What are Controlled Substances?

Most drugs are classified by state and federal governments as controlled substances in five categories: from Schedule I, those completely unregulated and most likely to do harm and cause addiction, to Schedule V, those of lower potency that are least likely to cause addiction. Penalties for possessing any "Schedule" drug are similarly structured, from felony charges for possessing Schedule I substances, to misdemeanor charges for small amounts of Schedule V.

Possession vs. Sale

Any amount of Schedule I drugs can be punished with a felony charge, but the risk of possessing more than a small "personal use" amount, as well as any items related to manufacturing, growing, or selling drugs, means the consequences escalate quickly. Some states do not have a minimum quantity of drugs required for a prosecution to move from simple possession to intent to distribute; others set the bar low, at one ounce. Being in possession or having knowledge of a "drug lab" that manufactures synthetic drugs is likely to automatically trigger serious charges of manufacturing with intent to distribute. Others who have knowledge of the manufacturing may be charged as conspirators even if they do not participate in making the drugs.

Police may extrapolate that even having a lot of cash on hand could mean a person has been selling drugs. Police have also been known to pursue charges for intent to distribute to pressure people into divulging their suppliers.

Federal charges apply when police or F.B.I. determine that drugs were moved across state lines or involved shipping components of the drugs.

Felony convictions may trigger states' "three strikes" laws, sending offenders to jail for life. Beyond the minimum sentence of a year or more in jail, felony convictions often include hefty fines and consequences like loss of the right to vote, being banned from owning a gun, and disqualification from federal programs for housing and other benefits.

Tough State Statutes

In Ohio, all Schedule I-III drugs carry felony charges. Even the smallest amount of marijuana may be prosecuted. Sentencing on drug charges may allow judges to impose hefty fines as well as suspend driver's licenses on top of jail time. In Oklahoma, Florida, and some other tough-on-drugs states, getting caught growing marijuana is a felony punishable by 2-10 year prison terms.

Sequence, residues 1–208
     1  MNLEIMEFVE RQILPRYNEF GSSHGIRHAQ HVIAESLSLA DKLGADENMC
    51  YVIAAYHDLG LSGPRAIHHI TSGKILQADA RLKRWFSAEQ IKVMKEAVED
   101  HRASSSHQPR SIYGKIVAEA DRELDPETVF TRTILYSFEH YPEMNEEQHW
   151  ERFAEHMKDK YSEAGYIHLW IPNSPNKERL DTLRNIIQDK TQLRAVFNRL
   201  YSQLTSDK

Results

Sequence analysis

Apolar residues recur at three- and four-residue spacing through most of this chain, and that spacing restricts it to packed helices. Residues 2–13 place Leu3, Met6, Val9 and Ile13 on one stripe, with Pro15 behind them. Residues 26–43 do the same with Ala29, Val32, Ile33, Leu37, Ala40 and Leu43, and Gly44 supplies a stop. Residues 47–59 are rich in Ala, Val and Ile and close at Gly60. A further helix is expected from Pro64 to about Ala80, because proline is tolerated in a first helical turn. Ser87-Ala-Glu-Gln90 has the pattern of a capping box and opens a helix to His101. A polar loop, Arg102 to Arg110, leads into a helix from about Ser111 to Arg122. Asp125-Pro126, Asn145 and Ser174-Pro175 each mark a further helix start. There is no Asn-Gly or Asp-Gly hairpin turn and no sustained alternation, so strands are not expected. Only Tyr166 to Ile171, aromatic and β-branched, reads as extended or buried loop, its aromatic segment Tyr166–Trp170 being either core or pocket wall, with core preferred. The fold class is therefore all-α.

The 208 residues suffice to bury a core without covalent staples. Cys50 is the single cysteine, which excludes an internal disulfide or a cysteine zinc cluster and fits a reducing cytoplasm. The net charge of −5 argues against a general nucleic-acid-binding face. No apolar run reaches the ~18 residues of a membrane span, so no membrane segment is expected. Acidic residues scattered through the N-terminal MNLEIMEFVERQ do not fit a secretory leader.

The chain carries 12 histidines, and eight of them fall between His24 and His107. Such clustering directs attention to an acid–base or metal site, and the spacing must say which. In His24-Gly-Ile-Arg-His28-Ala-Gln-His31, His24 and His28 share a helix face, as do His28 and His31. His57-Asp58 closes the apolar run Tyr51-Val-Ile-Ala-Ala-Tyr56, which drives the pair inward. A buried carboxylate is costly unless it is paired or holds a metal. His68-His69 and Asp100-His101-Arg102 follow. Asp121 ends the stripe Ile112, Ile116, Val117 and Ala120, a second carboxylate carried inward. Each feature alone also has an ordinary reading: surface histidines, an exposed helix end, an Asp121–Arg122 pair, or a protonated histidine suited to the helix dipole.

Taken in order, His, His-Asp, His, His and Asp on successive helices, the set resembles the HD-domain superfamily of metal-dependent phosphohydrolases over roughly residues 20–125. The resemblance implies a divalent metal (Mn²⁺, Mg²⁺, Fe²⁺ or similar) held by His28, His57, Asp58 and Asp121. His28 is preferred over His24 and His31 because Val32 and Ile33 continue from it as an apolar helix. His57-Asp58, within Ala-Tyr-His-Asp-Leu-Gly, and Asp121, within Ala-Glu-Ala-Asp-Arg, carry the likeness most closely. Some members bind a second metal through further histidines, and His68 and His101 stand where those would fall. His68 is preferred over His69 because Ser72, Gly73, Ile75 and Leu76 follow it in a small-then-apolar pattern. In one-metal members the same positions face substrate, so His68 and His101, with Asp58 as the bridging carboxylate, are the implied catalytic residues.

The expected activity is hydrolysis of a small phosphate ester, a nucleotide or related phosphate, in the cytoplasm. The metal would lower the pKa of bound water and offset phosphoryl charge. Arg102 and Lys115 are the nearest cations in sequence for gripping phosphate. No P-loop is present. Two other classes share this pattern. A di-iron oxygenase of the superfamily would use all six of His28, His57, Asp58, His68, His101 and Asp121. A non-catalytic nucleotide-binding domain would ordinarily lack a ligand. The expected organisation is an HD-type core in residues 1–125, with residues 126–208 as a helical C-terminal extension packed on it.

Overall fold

Possession of drugs in specific areas like school zones may also automatically escalate the penalty to felony-level. In Texas, possessing drugs like 2 oz. of cocaine within 1,000 feet of a school zone means a third-degree felony automatically becomes a second-degree felony. In New Jersey, drug possession in a school zone includes being within 1,000 feet of any school bus or school board (administration) building. Many convictions for school zone drug offenses include sentences without the possibility of parole, and not being aware of the school zone is not a valid defense. Texas has a reputation for making more marijuana-related arrests than any other state.

Louisiana operates under a "three strikes" law, whereby a second arrest for marijuana possession is automatically a felony, and a third arrest on the same charge could mean a sentence of up to 20 years in prison.

Strange but Not Unusual

The demand for intoxicating illegal drugs has never been stronger, leading communities to place strong restrictions on ingredients for making synthetic drugs like methamphetamine. Despite these regulations "meth labs" seem to crop up everywhere, whether to support the maker's own habit or to sell the product for income. In recent years dozens of homes across the country have been raided by police on suspicion of meth production, given away by the acrid smell of the chemical "cooking" used to make the drug. Not only are the labs creating highly addictive substances but they're hazardous and prone to fire and explosions when mistakes are made. The process has been refined to the point where some have been arrested for carrying "meth lab backpacks" that allow easy lab set-up anywhere there's a water supply; others have created labs in church basements in Illinois and in a large pipe beneath a Walmart parking lot in New York.